TRENTON – Senator Paul Sarlo, Senator Joe Lagana and Senator Vin Gopal have offered a wide ranging series of bills to combat the surge in auto thefts with tougher penalties, preventive measures and actions targeted at the car theft networks that have fueled the increase of stolen vehicles and related crimes.
The Senators said they will work together and with other legislators to craft a comprehensive legislative plan to counter what is an “auto theft crime wave” that impacts urban, suburban and rural communities in New Jersey.
Senator Sarlo said their work will include measures that will crack down on leaders and members of car theft networks, home burglaries of car keys and key fobs, and updates to bail laws to detain dangerous offenders, including auto theft crimes.
“The surge in auto thefts creates a threat to the safety and security of communities throughout New Jersey,” said Senator Sarlo, who also serves as Mayor of Wood-Ridge in Bergen County. “It calls for a comprehensive plan to crack down on offenders, to help prevent thefts and take down the criminal networks of car thieves. We will work together to advance and expand upon the bills already introduced to develop a legislative action plan on vehicle thefts.”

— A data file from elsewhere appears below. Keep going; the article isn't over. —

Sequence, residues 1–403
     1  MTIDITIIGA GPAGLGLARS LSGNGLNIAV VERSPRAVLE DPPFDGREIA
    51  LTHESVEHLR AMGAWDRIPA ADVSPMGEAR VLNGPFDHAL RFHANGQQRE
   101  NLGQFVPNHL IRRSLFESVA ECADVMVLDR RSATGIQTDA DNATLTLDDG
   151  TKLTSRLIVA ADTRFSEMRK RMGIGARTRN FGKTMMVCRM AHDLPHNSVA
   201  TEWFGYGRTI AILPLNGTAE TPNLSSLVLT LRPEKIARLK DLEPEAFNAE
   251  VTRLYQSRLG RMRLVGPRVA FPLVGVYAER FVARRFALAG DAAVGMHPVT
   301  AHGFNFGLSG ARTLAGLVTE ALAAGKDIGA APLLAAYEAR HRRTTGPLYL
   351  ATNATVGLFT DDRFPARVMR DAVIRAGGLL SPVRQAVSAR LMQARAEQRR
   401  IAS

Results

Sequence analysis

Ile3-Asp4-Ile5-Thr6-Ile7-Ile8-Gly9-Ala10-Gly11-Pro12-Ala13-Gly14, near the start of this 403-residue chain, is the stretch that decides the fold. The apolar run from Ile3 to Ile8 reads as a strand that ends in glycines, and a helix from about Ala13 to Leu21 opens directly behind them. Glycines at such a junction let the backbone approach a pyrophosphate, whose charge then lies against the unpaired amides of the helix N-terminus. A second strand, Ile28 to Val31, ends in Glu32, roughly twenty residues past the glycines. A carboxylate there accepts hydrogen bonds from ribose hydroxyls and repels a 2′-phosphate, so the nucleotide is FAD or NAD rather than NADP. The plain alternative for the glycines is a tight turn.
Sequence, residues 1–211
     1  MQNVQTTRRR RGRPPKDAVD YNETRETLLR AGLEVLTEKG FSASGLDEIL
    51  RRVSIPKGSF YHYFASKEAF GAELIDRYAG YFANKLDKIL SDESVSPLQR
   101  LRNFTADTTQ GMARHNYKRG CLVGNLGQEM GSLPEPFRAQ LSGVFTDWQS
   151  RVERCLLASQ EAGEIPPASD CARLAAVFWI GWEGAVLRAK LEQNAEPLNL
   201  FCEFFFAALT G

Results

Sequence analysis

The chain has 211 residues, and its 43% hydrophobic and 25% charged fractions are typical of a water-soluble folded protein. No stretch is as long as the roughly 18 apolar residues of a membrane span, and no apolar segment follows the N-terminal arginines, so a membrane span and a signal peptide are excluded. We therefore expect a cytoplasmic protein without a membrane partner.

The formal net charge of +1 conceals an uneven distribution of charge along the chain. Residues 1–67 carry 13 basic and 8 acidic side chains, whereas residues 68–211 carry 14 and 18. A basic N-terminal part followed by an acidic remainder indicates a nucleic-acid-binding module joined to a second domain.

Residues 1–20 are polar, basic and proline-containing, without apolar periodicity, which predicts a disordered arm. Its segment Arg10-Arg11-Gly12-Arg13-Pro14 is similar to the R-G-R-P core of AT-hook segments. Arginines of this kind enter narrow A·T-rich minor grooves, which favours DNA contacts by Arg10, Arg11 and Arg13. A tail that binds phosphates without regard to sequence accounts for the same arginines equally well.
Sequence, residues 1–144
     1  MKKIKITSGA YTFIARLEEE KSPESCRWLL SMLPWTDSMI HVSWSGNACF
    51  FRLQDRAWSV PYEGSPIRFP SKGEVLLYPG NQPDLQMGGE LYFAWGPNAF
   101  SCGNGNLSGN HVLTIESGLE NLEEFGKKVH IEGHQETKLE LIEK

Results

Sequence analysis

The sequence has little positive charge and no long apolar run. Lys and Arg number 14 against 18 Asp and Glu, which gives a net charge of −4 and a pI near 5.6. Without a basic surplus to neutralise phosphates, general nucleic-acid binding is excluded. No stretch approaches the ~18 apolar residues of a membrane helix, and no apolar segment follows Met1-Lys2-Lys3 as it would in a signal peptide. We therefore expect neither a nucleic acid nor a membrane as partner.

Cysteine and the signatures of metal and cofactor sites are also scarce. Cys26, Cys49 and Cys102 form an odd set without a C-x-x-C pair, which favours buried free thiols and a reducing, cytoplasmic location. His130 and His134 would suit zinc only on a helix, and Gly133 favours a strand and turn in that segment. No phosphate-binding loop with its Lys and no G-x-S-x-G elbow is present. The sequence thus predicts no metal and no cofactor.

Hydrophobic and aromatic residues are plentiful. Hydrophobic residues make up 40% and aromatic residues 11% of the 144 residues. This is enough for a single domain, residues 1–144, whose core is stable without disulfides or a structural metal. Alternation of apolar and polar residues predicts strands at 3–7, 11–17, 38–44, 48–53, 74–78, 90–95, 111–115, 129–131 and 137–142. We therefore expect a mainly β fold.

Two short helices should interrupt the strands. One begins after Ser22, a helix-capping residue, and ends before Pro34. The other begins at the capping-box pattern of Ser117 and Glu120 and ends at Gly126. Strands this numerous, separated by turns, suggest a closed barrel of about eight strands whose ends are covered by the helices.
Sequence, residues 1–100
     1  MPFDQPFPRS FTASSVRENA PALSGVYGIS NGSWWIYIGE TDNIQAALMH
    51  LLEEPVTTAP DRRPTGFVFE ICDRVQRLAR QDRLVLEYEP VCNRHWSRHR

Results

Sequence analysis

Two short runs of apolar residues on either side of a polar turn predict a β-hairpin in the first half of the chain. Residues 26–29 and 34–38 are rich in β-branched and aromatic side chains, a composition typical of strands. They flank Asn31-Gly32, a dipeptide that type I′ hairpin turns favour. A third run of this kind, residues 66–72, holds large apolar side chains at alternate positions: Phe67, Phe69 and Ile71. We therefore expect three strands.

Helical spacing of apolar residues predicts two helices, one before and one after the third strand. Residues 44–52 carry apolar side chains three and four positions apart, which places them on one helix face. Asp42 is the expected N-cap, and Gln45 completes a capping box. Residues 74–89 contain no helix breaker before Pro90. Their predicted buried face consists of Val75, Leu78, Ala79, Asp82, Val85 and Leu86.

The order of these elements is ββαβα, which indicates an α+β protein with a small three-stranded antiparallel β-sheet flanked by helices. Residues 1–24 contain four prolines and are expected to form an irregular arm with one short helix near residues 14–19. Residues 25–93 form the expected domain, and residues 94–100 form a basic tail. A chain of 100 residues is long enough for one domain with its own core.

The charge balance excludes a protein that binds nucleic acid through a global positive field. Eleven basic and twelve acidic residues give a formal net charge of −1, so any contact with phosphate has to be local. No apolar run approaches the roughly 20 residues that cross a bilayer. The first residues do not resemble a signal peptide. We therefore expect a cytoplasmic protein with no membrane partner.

“When a person’s car is stolen, it wreaks havoc on their daily routine on top of the financial and emotional distress caused by such a personal violation. In New Jersey, the vast majority of residents depend on their cars to get back and forth to work, to get their kids to school, or to go wherever they need to be. We need to make sure would-be criminals know that justice will be swift,” said Senator Lagana (D-Bergen/Passaic).
“The surge in auto-thefts over the past two years threatens the property and safety of New Jersey residents and places an added strain on law enforcement,” said Senator Gopal (D-Monmouth) “It’s crucial we take action to deter car thieves while also providing additional support to the departments and officials working hard to curb this disturbing trend.”
There were 14,320 vehicles stolen in the state last year, with thefts up 22 percent over 2020. Law enforcement officials expect those numbers to climb even higher this year. The rise of thefts in New Jersey is part of a nationwide trend the National Insurance Crime Bureau has called “unprecedented.”